Color vision in sharks

Sharks can smell blood at a great distance; however, it is not known whether they can also see that it is red. Research seems to indicate that sharks are color blind. This is not very surprising: as there is ...
little light in deep water, colors are almost impossible to see, making contrast much more important.
Two different types of cells in the retina are important for vision in animals (and humans). Rods help to perceive brightness; various kinds of cones allow color vision. Microspectrophotometry had already been used to show that rays and chimaeras (distant relatives of the shark) do see colors. Scientists at the University of Western Australia used this technique to study seventeen shark species, including both tiger sharks and bull sharks.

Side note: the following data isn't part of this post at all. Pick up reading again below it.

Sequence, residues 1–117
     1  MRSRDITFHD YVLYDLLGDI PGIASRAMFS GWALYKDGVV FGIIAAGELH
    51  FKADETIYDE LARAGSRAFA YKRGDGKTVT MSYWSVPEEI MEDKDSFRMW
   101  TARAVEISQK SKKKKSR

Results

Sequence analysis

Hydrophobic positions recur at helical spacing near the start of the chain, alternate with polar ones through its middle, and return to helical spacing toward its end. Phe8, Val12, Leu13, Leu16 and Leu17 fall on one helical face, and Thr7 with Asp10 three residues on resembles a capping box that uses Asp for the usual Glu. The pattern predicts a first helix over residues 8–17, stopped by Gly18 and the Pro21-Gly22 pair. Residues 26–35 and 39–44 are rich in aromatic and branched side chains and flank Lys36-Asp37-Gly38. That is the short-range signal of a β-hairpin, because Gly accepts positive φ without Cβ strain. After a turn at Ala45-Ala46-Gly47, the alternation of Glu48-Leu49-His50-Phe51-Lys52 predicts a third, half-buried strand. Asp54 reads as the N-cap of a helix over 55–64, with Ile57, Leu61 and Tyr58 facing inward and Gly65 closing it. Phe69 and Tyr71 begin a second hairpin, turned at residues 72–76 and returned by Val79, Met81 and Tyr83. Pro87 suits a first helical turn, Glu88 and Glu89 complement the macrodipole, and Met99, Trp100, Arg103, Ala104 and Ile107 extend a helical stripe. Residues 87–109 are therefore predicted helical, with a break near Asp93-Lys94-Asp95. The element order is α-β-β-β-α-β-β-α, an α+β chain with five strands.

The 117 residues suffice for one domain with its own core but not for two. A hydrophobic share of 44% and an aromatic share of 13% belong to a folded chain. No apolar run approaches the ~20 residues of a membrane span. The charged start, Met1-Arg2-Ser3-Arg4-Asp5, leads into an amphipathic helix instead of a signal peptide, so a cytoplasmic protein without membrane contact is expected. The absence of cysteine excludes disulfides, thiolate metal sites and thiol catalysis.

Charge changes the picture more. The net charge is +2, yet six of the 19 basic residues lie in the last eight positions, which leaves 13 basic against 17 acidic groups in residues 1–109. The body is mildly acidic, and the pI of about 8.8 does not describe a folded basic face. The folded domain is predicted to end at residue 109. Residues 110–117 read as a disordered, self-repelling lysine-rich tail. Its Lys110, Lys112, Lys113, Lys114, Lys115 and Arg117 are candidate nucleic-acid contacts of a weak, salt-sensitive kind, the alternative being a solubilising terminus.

Because rods were found in all seventeen shark species, it can be concluded that they can clearly see differences in dark and light (contrast). In ten shark species, no cones at all were found; in the other seven species only one type of cone was found. This suggests that sharks cannot discriminate any colors at all. The researchers, by the way, do not claim that all sharks are color blind: after all, there are 400 different species.

Interestingly, there are other ocean predators suspected of colorblindness, including whales, dolphins and seals. In their blue-green environment, discernment of colors is relatively unimportant.

The researchers maintain that knowledge about color vision in sharks is of interest: contrast can be employed to prevent sharks from being caught as bycatch, and surfing and diving equipment can be made less attractive for sharks in order to reduce the number of accidents.

The shark study is published in the journal Naturwissenschaften.